The musical biochemistry instructor
November 1, 2012 § Leave a comment
Love and heartache, in all their forms, are well-established inspirations for songs. But Kevin Ahern at Oregon State University turns to another source: biochemistry.
I just learned the steps of translation.
And all the things they say,
It gives you a new appreciation for and interest in the subject, doesn’t it? That is Ahern’s goal.
Ahern is an instructor who teaches biochemistry courses mostly taken by undergraduate students majoring in a variety of health sciences. The students are not biochemistry majors and usually have “heard all kinds of urban legends about the subject,” says Ahern. He uses his “Metabolic Melodies” to put students at ease with biochemistry and make them feel confident enough to engage in conversations about the topic.
Ahern discovered the ability of music to make a difficult subject more approachable in 1995. That year, he was closing in on teaching his very first large biochemistry class. To commemorate the milestone, he decided to write a couple of lyrics. The songs “were very popular with the students, so the next term I wrote another one for the class and it escalated from there,” he says. “The reason I have continued writing them is that I have seen how the songs cut through the anxiety students have about the subject of biochemistry.”
Ahern draws much of his musical inspiration from the Beatles, but “lately I’ve been on a binge of writing using melodies from the 1940s-1950s era,” he says, citing “I Lost a Lung,” “Elemental Learning,” “The Weight I Gained Last Week” and “Avogadro’s Number is a Huge One” as examples. Ahern has covered gluconeogenesis, the citric acid cycle, blood clotting and many of the other staples of introductory biochemistry and molecular biology courses in his Metabolic Melodies. For the song “B-DNA” Ahern even choreographed a dance, which by his own admission is “quite silly.”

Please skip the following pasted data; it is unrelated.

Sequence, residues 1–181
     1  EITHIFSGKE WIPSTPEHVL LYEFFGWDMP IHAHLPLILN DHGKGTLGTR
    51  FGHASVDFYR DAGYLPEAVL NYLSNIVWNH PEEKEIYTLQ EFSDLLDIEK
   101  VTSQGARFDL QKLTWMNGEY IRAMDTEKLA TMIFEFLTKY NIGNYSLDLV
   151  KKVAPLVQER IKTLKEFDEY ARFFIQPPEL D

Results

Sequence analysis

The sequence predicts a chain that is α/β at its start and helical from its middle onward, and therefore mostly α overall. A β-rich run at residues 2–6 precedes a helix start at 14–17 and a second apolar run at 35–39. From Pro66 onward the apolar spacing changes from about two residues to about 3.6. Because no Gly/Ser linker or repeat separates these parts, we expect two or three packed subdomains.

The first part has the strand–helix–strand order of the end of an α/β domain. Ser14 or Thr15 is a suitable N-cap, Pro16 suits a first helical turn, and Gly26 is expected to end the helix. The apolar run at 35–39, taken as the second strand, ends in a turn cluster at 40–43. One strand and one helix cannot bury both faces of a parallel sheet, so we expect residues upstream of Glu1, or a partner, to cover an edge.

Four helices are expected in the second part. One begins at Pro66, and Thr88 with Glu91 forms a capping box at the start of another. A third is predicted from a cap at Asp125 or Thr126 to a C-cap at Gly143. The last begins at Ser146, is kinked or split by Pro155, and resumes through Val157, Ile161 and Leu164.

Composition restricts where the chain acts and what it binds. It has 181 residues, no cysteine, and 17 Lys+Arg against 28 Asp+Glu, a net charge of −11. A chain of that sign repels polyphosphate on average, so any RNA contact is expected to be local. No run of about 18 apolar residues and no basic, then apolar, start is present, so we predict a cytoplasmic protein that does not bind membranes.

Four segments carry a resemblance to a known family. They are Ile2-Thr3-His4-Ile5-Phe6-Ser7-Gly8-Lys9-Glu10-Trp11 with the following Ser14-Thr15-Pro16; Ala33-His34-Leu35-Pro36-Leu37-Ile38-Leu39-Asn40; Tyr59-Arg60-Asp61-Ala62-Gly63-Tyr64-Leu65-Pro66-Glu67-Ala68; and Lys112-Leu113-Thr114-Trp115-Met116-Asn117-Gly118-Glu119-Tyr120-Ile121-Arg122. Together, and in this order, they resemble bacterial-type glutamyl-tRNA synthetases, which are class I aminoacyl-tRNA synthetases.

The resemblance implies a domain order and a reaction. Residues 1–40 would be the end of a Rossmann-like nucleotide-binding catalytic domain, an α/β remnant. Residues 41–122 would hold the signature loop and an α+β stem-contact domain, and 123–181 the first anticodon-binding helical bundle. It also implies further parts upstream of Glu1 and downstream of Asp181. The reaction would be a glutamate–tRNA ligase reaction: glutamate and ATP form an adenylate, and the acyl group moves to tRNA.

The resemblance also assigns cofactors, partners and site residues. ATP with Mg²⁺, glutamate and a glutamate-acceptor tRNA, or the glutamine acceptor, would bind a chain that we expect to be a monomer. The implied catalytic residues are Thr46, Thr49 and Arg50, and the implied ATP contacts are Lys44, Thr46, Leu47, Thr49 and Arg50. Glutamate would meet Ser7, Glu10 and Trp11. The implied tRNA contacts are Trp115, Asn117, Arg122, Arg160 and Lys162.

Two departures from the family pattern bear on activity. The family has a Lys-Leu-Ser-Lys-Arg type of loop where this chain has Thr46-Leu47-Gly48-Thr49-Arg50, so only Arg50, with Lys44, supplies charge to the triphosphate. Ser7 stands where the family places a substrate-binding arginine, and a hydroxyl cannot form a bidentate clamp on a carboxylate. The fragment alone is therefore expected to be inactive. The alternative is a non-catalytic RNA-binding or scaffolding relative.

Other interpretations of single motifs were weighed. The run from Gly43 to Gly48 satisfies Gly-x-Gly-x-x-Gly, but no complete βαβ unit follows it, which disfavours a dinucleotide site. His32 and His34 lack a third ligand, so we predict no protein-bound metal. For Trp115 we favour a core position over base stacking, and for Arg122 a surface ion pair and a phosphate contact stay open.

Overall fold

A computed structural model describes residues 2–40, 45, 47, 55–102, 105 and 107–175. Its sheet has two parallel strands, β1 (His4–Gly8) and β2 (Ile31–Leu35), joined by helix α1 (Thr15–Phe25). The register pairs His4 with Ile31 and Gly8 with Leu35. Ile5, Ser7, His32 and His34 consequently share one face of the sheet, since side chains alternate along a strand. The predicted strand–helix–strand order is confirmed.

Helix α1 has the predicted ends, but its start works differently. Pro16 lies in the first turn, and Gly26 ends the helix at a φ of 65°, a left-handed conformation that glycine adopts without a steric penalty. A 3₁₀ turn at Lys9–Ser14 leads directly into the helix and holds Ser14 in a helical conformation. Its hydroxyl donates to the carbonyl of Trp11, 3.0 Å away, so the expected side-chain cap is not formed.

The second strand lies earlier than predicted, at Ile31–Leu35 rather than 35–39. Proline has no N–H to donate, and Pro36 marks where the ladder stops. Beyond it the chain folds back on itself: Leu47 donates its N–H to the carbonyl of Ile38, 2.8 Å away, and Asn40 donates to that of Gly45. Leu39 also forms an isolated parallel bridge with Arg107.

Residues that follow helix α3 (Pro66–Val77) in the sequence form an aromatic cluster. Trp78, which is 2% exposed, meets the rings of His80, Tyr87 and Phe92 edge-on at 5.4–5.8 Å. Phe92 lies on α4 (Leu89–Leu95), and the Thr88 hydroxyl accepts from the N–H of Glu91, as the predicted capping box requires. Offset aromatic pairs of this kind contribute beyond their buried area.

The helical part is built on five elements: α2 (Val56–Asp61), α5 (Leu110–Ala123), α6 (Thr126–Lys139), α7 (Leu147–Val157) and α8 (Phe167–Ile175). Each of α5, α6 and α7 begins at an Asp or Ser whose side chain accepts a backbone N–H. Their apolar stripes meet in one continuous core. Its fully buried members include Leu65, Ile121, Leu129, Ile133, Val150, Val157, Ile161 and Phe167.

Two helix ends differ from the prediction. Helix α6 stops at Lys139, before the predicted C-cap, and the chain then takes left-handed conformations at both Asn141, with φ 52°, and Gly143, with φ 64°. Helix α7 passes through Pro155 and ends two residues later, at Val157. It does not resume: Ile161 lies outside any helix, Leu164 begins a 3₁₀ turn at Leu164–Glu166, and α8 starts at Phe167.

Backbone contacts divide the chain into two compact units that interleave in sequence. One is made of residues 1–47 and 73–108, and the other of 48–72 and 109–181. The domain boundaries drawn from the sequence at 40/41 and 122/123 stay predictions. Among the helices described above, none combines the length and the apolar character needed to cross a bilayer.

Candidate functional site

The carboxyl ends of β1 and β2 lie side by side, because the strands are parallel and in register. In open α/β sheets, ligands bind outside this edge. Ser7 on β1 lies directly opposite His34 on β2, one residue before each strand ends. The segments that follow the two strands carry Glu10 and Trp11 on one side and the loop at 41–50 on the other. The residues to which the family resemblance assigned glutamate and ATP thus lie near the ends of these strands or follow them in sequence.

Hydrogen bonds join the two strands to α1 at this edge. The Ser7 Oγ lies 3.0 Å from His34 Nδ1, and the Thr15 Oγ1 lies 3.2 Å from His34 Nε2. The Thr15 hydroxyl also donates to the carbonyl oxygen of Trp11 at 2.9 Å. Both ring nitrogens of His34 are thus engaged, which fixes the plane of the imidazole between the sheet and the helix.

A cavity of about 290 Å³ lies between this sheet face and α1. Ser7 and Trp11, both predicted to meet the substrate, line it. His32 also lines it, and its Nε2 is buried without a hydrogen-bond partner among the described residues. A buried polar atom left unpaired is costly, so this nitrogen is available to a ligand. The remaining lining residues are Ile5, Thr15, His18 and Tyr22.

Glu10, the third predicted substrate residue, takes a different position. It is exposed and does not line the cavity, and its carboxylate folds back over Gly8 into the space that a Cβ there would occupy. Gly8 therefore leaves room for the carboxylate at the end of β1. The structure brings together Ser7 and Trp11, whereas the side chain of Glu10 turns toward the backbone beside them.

Some of lyrics have been co-penned with his wife, Indira Rajagopal, who also collaborates with Ahern on other projects that involve science outreach. Their current project is Biochemistry Free and Easy, which, together with Ahern’s 350 YouTube lectures, two iTunes U courses, more than 150 iTunes podcasts and the Metabolic Melodies, generates more than 100,000 hits per month.
The ability to make science appealing to nonscientists is something Ahern cares about deeply. He believes the next generation of scientists must be taught how to communicate science to people who aren’t trained in it.
“The U.S., in particular, is schizophrenic about science,” he says. “It’s absolutely fascinated with new discoveries but at the same time terrified of the power that scientific knowledge brings. If we can train students to more effectively communicate in the language of nonscientists, we have the potential to uplift everyone by removing that fear and distrust. When we fail to do this, science as whole suffers.”